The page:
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Emirates TravelUAE guide / Cuisine in UAE

Cuisine in the UAE

Cuisine is informed by styles from all parts of the world
The culinary traditions of the United Arab Emirates are influenced by geography and resources, and now with worldly cities like Abu Dhabi and Dubai, cuisine is also informed by styles from all parts of the world.

Meats and dairy products feature prominently in UAE cuisine. Vegetables don’t thrive in the arid UAE climate, and so are used sparingly. Spices like thyme, turmeric, saffron and cardamom are used often in Emirati cooking, and the spicy dishes are often accompanied by cooling side dishes or garnishes of yogurt, cucumber, or mint. In many homes, meals are cooked together in one pot as a stew.

Two of the most popular and common dishes are Dejaj Murraq/Saloona, which is a chicken stew, and Laham Murraq/Saloona, which is a general term for meat stew. These dishes are cooked once or twice a day in many Emirati homes because they are versatile enough to be served along with rice, bread, or other side dishes. Laham Murraq/Saloona was originally Bedouin cuisine and is popular during the holy month of Ramadan, served with sliced limes, onion, chives, garlic, radishes, dates, and buttermilk.

Another traditional dish of the UAE is Shrimp Beryani. Beryani is a type of rice. This dish is easy to cook. Laham Mashwee, or stuffed lamb, is a popular dish that is served when visitors stop in. Simple to prepare, Laham Mashwee takes a long time to cook, but it is a very popular evening dish served with rice.

Chicken shawarma, from a spit kebab, is cut into small pieces, mixed with salad, and rolled up in bread. Falafel is made from mashed chick peas and spices, and is eaten with bread and hummus. Hummus is a dip served with pita bread. It, too, is made from chick peas, along with lemon juice, garlic, spices, and tahini, which is a mashed sesame seed paste.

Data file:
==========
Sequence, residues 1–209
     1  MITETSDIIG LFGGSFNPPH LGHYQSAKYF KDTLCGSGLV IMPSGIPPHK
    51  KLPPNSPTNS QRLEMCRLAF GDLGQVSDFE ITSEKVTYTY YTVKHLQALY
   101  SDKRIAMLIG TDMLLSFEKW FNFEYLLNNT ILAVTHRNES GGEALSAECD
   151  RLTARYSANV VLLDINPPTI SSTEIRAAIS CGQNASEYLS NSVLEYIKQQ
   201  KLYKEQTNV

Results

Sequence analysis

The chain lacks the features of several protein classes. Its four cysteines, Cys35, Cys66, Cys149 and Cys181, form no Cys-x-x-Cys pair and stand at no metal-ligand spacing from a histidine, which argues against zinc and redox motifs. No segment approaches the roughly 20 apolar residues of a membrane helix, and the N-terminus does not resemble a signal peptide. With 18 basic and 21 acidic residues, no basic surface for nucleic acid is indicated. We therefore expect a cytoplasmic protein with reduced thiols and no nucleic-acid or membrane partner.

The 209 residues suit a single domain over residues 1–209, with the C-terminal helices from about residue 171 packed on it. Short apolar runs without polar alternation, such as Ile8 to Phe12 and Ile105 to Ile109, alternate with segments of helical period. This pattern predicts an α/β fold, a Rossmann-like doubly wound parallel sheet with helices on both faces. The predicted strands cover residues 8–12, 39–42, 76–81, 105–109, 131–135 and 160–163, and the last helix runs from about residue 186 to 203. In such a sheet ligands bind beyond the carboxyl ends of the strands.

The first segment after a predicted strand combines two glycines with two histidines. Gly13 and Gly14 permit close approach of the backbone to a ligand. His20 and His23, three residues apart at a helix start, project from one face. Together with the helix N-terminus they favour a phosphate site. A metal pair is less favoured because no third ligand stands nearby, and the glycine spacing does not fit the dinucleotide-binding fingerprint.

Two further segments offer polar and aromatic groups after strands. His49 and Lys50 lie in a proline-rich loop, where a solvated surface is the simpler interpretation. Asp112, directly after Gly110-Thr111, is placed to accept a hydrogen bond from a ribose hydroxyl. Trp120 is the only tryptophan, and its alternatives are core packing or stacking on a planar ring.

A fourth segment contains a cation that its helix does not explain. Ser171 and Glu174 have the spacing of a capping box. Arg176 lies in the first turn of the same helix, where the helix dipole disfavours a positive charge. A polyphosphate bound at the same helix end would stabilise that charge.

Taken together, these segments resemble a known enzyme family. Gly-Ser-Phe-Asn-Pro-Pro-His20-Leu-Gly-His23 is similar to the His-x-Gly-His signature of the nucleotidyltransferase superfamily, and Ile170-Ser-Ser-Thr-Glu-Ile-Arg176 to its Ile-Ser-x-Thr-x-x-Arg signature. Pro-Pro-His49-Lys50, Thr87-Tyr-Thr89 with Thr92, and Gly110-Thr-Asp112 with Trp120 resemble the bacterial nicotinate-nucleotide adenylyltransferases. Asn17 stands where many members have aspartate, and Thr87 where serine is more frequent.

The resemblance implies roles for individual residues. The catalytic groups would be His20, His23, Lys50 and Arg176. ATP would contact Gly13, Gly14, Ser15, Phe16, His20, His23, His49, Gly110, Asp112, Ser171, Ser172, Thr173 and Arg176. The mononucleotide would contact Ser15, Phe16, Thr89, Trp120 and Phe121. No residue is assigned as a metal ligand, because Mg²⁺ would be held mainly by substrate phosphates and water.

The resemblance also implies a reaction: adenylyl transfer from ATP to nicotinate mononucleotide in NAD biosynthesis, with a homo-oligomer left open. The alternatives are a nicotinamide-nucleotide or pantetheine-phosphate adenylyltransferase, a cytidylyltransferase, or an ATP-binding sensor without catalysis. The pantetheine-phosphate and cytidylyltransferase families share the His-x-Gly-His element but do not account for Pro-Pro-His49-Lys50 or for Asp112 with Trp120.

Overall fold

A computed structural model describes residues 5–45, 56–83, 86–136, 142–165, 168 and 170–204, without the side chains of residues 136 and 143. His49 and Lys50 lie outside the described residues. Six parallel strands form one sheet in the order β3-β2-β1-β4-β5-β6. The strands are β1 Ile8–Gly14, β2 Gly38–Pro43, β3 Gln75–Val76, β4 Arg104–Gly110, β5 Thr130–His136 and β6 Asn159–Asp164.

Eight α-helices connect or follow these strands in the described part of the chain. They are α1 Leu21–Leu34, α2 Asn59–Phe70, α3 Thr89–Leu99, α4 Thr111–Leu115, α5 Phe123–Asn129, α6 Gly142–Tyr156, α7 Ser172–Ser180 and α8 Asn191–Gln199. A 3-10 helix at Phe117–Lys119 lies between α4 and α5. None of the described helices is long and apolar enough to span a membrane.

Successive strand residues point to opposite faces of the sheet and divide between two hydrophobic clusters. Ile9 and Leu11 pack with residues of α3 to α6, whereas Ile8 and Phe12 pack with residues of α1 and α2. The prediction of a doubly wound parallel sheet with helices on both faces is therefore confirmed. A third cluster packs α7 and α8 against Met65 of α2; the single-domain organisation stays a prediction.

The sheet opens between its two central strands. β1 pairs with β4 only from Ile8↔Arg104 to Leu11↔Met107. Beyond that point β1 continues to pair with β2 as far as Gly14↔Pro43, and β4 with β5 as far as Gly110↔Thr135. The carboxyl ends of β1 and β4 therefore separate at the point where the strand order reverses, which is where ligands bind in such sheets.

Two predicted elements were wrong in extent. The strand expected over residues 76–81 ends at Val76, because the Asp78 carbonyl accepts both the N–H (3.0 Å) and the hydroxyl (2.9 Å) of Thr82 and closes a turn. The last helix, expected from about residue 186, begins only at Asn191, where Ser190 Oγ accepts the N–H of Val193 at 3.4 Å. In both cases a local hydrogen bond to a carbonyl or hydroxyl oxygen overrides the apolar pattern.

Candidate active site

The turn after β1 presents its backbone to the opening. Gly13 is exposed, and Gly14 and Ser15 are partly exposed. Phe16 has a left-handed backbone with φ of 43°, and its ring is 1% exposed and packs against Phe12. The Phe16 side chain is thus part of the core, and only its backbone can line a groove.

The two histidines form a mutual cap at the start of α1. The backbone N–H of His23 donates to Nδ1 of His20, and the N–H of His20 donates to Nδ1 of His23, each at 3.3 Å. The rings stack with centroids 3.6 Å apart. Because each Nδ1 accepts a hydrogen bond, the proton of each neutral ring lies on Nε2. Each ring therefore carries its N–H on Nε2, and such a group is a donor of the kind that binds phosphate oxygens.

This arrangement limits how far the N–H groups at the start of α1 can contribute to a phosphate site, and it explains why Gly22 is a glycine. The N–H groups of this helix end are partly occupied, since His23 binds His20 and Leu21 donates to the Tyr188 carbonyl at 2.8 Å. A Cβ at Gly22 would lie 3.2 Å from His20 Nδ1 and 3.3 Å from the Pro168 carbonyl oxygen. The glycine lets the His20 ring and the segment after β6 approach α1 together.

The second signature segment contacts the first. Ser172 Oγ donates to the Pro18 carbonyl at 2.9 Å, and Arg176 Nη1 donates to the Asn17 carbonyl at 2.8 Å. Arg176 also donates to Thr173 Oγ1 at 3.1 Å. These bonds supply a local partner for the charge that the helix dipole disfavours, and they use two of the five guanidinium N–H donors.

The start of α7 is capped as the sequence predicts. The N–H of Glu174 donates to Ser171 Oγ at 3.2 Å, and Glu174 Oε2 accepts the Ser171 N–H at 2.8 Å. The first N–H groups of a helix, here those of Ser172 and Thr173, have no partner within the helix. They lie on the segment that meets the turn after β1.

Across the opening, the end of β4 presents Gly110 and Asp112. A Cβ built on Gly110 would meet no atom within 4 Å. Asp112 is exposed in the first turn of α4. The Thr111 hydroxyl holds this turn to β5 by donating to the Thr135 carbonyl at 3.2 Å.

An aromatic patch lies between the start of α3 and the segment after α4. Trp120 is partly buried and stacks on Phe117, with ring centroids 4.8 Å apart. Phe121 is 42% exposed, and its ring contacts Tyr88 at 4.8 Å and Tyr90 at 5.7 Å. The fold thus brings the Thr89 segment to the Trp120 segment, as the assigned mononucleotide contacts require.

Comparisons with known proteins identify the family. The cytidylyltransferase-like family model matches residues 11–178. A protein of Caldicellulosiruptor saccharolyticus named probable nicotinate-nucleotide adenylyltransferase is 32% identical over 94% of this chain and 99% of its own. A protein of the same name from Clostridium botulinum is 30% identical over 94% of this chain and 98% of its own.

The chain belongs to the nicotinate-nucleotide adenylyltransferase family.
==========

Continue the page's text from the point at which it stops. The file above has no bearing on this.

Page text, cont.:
Kafta is sometimes referred to as the Arabic hamburger. It is made by rolling the meat in pita bread, along with cucumbers, tomato, lettuce, and yogurt.

De-Ja Ta-Ha-Tah is chicken with rice. This is usually served with plain yogurt, limes, and sliced onion. Matharubah, or fish with rice paste, originated in Kuwait, but is also popular in the UAE. It is usually served alongside salad and sliced lemons. Iranian Leavened Bread, or Wagafree, begins as dough that is formed into balls then stretched. The bread is then baked briefly in a hot clay oven and eaten as soon as it is made.

Camels are prized more for their milk than their meat, although camel meat is sometimes eaten on special occasions. Chicken and goats are the most common meats eaten in the UAE.

Besides camel, another special occasion dish is Al Harees, which involves lengthy preparation, and is often reserved for Ramadan, Eid, and for weddings. Making Al Harees involves cooking ground wheat in a pot, then adding ground meat and cooking for several hours in the pot, followed by several more hours in either an underground hole filled with burning coal or a clay oven. It is finally spread with locally made clarified butter and served on flat plates.

Gah-wa Khaleejeiah, or coffee, is a staple of the Arab breakfast. Making coffee is often the first task done in the home after morning prayers. Breakfast in the UAE often has bread – chebab, khameer, and ragag are examples – served with cheese, eggs, or date syrup. Luqeymat is a fried piece of pancake batter rolled in sesame seeds and accented with date syrup. Dates figure heavily into the sweet dishes eaten in the UAE. Bethitha is semolina mixed with crushed dates, butter, and cardamom. Another dessert is khabeesa, also incorporating cardamom, and made with bread crumbs, sugar, and saffron. Umm ali is a form of bread pudding enjoyed by Arabs, and Mahalbiya is another type of pudding. Esh asarya is similar to cheesecake with a cream topping.

In addition to Gah-wa (coffee), red tea with mint is often served after meals to aid in digestion.

In the largest cities, particularly in Dubai, European, Indian, and Lebanese cuisines are widely available. Lebanese may be the most popular foreign cuisine in Dubai. Iranian dishes based on spicy rices are quite popular in Dubai as well. These spicy dishes are often served with lettuce or minty yogurt sauce to cool down the palate. Naan is a very popular leavened flatbread that is often spread with butter, or used to scoop up other foods. Lavash is another popular flatbread option. It is softer and lighter than Naan.

Cuisine in the UAE draws from the best of what the local area and the world offers. Sometimes spicy, sometimes cool, and sometimes both in the same dish, dining on traditional UAE cuisine is an integral part of the experience of visiting the UAE.

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